This great accomplishment was not easy to achieve because religions aim to speak and teach eternal truths, truths that come from long ago, truths that reach out to God and teach us our place and duties in life, truths that seem unchangeable.
Yet at the same time, religious institutions that wish to remain relevant must find the best way to help the faithful understand the ancient truths in ways that make sense in contemporary society. When societies change, whether owing to progress or to upheaval, religious teachings need to be reframed, refined, even redirected. Neither church nor synagogue nor mosque can afford to be prisoners of the past, rendered unable to face the present, let alone the future.
Fifty years ago, the Roman Catholic Church, beginning under the inspired leadership of Pope John XXIII and continuing under Pope Paul VI, undertook a process of self-examination to address modernity’s blessings – democracy and individual rights, for example – and modernity’s curses – World War II and the Holocaust, in particular. The resulting document, Nostra Aetate, with its rejection of the charge of deicide leveled against Jews by so many centuries of Church teachings, and its recognition of the continuing validity of the Covenant at Sinai, began a process of reconciliation between Catholics and Jews, whom Pope John Paul II described as “beloved older brothers.”
With the passage of 50 years, much has been achieved despite the resistance that always accompanies major reorientation. Yet much still needs to be done.
To this end, on this 50th anniversary, Pope Francis has reinforced the aims of Nostra Aetate. This week he issued a declaration entitled “The Gifts and Calling of God are Irrevocable.” In it, the Holy Father stressed that because Christianity is rooted in Judaism, Catholics need both to dialogue with Jews and also combat what the Pope called “racial discrimination against Jews and all forms of anti-Semitism.” “These,” he said, “have certainly not been eradicated and reemerge in different ways in various contexts.”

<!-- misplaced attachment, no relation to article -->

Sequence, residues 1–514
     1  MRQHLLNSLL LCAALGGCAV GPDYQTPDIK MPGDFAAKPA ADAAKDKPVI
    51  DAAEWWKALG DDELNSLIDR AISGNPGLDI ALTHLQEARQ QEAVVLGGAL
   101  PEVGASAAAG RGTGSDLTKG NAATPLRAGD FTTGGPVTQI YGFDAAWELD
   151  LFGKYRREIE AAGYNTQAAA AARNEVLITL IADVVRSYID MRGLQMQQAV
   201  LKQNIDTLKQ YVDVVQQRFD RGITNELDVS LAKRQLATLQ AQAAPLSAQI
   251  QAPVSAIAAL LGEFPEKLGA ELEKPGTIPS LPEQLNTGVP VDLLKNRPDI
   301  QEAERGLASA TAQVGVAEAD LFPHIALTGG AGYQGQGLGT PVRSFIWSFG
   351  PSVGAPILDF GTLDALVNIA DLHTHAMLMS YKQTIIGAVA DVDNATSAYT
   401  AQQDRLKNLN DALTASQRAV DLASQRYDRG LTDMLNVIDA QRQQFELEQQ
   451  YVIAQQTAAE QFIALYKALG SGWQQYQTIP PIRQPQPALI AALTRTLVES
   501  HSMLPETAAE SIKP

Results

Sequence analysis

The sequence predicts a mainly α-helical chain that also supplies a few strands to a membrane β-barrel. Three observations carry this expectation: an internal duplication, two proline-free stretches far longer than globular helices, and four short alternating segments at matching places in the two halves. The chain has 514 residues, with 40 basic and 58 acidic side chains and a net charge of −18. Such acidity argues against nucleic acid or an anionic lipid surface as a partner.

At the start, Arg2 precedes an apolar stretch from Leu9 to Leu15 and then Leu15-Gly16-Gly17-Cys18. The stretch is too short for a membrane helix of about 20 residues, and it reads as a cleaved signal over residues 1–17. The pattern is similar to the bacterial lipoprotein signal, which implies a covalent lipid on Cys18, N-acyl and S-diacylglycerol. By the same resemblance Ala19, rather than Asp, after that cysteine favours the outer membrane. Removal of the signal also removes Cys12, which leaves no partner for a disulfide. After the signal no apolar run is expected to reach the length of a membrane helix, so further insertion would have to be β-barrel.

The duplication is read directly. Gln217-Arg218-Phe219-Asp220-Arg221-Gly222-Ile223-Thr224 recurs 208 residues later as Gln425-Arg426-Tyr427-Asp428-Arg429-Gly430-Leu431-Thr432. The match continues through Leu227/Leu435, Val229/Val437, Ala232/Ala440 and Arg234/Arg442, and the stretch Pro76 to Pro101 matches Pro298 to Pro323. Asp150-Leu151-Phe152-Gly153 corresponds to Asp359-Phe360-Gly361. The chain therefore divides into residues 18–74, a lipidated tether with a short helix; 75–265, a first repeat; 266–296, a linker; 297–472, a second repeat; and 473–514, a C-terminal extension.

As brothers and sisters in faith, we face fanatical forces seeking to destroy us all. Their aim is the opposite of ours, of the reconciliation we celebrate today in this ceremony.
And I ask – as all of us, people of good faith, must ask – as the Prophet Malachi asked so many centuries ago (2:10): “Have we not all one Father? Has not one God created us?” No tenemos todos un mismo padre? No nos ha criado un mismo dios?
As he challenged his contemporaries, so must we challenge ourselves and our contemporaries: “Why do we break faith with one another, profaning the covenant of our ancestors?”
Por qué menospreciaremos cada uno a su hermano, quebrantando el pacto de nuestros padres?
Tonight we reach the climax of the Jewish festival of lights: Hanukkah, the first fight in history for religious freedom. Twenty one hundred years ago the victorious Maccabees cleansed the Temple in Jerusalem and rededicated it to the worship of the Eternal God. In this spirit, we dedicate ourselves anew to the goals of Nostra Aetate, and we pray:
“May the favor of the Eternal our God be upon us; let this work of our hands prosper.
O prosper the work of our hands.” (Psalm 90:17)
Esta noche llegamos al día final de la fiesta judía de las luces: Jánuca, la primera pelea en la historia por la libertad religiosa. Hace dos mil cien años, los victoriosos Macabeos limpiaron el templo en Jerusalén y lo dedicaron de nuevo a la adoración del Dios Eterno. En este espíritu, nos dedicamos de nuevo a los objetivos de Nostra Aetate, y rogamos:
Que descienda hasta nosotros
la bondad del Eterno, nuestro Dios;
que haga prosperar la obra de nuestras manos.(Salmo 90:17)